Assistant Professor, Wisconsin School of Business, University of Wisconsin-Madison, 2018-
Assistant Professor, Johns Hopkins Carey Business School, 2016-2018
Stanford University, PhD, 2016
New Economics School, MA, 2011
Higher School of Economics, MA, 2010
Higher School of Economics, BA, 2008
Real Estate, Urban Economics, Finance, Macroeconomics
My research studies the microstructure of housing markets, specifically search frictions and pricing mechanisms. Non-technical summary on the Wisconsin School of Business blog.
Revealing Information in Auctions: the Optimal Auction versus the Second-Price Auction (with Delong Meng). Economic Letters, forthcoming.
Working Paper Version: Information Disclosure in Housing Auctions
We study the optimal information disclosure policy in the optimal auction and the second-price auction when the seller has information that additively adjusts the independent private values of the bidders. In this setting, information revelation could change the allocation of the good in both types of auctions. However, in the optimal auction, the change in allocation makes the revenue function convex in the additive adjustments, so the seller should always reveal information. In contrast, in the second-price auction, the change in allocation makes the revenue function non-convex, in which case the seller might benefit from withholding information.
Job Growth from Opportunity Zones (joint with Morris Davis, Andra Ghent, and Minseon Park). 2020.
The Tax Cuts and Jobs Act of 2017 established a new program called Opportunity Zones (OZs) that created tax advantages for investing in businesses or real estate in a limited number of low-income Census tracts. We use a census of establishment-level data on employment to identify the effect of the program on job creation. We show that in metropolitan areas, the OZ designation increased employment growth relative to comparable tracts by between 3.0 and 4.5 percentage points and new jobs were created across many different industries and education levels. The OZ designation did not create jobs in rural areas.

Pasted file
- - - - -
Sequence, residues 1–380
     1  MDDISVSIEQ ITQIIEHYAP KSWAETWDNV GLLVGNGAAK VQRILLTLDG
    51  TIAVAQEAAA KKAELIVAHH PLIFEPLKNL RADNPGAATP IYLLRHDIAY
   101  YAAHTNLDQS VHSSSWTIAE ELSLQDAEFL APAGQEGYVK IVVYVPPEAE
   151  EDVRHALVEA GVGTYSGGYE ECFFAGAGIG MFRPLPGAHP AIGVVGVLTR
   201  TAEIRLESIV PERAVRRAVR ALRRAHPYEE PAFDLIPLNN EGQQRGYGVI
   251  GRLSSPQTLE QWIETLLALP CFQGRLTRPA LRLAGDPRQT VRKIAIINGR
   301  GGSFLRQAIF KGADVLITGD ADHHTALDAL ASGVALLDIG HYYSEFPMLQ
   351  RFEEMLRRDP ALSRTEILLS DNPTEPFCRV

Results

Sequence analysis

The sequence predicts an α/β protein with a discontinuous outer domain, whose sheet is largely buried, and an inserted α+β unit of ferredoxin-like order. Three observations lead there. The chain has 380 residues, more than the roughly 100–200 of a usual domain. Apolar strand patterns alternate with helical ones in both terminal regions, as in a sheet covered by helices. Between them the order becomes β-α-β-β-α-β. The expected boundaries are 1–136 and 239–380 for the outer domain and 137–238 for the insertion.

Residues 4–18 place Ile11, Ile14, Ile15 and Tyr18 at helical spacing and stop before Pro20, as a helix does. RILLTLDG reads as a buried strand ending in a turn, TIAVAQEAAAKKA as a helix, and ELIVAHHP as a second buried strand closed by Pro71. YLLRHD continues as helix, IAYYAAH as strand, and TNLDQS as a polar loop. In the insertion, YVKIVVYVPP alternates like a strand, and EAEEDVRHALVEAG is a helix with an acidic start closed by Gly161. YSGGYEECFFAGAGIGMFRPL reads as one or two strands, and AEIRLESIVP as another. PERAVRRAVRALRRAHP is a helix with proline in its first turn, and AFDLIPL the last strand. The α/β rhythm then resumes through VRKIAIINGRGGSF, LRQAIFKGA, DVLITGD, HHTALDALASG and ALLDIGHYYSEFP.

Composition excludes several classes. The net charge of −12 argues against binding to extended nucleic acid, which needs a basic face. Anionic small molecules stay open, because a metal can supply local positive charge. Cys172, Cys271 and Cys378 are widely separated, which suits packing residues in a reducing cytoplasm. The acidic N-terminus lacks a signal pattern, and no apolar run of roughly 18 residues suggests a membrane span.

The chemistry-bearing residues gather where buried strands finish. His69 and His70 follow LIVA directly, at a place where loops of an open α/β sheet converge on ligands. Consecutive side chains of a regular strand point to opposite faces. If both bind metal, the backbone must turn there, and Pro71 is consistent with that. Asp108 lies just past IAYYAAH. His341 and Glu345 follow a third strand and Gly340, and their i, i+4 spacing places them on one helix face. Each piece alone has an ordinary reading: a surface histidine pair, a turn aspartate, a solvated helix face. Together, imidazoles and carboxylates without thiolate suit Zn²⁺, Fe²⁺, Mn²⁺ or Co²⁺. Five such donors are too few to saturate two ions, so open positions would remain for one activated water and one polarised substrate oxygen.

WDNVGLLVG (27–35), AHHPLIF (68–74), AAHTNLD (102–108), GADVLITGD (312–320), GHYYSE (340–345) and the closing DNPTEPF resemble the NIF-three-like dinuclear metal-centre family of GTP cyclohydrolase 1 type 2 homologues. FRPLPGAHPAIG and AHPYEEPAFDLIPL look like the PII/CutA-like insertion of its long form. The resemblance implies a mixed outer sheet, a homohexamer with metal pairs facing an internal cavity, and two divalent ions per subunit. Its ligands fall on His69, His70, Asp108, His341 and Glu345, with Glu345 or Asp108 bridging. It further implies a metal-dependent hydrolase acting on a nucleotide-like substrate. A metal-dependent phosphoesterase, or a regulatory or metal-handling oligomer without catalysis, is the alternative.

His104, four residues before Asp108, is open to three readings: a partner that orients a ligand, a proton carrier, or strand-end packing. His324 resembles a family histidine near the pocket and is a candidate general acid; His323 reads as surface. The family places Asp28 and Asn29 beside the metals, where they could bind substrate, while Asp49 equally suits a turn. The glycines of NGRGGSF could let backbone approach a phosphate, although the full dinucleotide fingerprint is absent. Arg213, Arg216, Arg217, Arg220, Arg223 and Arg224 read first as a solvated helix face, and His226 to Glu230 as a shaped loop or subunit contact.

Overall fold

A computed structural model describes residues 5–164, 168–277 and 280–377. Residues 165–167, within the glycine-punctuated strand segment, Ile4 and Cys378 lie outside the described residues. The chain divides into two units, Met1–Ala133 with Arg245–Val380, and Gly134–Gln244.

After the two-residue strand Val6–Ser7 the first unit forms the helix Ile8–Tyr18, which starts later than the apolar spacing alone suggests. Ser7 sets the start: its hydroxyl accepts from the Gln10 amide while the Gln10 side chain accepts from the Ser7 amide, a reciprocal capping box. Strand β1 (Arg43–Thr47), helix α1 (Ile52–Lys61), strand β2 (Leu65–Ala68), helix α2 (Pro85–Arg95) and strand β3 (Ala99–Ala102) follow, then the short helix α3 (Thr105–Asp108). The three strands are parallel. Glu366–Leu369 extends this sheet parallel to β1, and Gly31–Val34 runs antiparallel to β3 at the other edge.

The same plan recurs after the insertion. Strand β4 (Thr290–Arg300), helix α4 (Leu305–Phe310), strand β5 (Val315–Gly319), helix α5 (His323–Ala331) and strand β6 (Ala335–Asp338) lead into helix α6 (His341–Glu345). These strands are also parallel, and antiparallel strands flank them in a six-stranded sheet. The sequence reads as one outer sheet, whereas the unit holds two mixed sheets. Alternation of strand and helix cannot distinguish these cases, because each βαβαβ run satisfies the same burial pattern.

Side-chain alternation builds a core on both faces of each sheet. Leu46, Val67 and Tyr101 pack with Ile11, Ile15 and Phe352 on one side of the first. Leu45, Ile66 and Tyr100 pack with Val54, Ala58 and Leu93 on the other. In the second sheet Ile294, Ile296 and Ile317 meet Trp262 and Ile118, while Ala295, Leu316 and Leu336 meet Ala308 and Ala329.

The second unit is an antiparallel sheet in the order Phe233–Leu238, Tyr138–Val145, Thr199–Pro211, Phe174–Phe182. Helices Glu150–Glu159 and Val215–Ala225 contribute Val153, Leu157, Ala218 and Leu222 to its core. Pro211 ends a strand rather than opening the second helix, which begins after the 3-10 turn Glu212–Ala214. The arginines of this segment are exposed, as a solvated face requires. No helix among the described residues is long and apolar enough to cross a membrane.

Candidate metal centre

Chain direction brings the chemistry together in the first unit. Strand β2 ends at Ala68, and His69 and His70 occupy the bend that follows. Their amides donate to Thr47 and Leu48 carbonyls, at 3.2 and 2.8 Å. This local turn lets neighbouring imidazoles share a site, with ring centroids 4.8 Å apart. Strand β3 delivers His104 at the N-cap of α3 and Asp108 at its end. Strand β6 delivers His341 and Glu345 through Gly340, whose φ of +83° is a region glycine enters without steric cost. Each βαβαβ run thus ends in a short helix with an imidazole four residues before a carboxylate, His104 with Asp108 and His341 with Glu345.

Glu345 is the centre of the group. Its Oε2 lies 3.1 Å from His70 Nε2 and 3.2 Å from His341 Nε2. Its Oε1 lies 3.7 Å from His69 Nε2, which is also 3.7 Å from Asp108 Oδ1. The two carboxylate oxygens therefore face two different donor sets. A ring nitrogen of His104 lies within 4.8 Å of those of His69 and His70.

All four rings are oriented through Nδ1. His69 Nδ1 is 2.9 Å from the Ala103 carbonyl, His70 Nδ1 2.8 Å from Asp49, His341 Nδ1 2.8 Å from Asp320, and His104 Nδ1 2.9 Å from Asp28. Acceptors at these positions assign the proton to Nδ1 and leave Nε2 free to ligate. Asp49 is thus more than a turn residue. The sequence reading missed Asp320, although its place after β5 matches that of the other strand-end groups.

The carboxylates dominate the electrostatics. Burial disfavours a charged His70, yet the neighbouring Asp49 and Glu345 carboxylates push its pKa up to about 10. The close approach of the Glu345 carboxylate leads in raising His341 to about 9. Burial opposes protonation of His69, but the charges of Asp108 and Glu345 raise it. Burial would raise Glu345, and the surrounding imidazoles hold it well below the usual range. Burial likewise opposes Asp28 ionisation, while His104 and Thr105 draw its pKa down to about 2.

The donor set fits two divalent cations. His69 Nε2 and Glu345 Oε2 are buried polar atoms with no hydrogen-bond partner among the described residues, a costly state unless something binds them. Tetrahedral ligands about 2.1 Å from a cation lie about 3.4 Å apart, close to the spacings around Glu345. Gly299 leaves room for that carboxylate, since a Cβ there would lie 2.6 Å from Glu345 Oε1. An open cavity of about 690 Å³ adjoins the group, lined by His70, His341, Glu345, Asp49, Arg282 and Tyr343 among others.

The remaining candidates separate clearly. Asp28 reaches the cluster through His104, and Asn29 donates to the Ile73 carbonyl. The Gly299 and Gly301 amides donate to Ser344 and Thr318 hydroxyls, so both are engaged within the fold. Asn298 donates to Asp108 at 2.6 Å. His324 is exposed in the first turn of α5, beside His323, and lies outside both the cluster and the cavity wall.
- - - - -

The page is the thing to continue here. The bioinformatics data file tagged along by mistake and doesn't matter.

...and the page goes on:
How Auctions Amplify House-Price Fluctuations. 2019. Under revision.
I develop a dynamic search model of the housing market in which prices, determined by auction, exhibit greater volatility than prices in the search and matching model with Nash bargaining from the literature. This helps solve the puzzle of excess volatility of house prices. The outcomes of the two models differ in hot markets when buyers' house values are heterogeneous. With Nash bargaining, a buyer who gets a house is chosen randomly among interested buyers, so prices are determined by the average house values. In auctions, competition among buyers drives up prices to the willingness to pay of the buyer with the highest value. In hot markets, the highest values fluctuate more than the average values, making the auction prices more volatile than the negotiated prices. This high volatility is constrained efficient in the sense that the equilibrium allocation decentralizes the solution of the social planner problem constrained by the search frictions.
WORK IN PROGRESS
Impact of COVID-19 on Residential Real Estate (with Lu Han).
Impact of COVID-19 on Commercial Real Estate.
Bidding Wars in the Norwegian Housing Market: Evidence from Millions of Bids (joint with André K. Anundsen and Erling R. Larsen).
Asymmetric Information and Search Frictions in Housing Markets (joint with Shiyan Wei).
The Skyline Model of an Innovative City (joint with Nikolay Arefiev).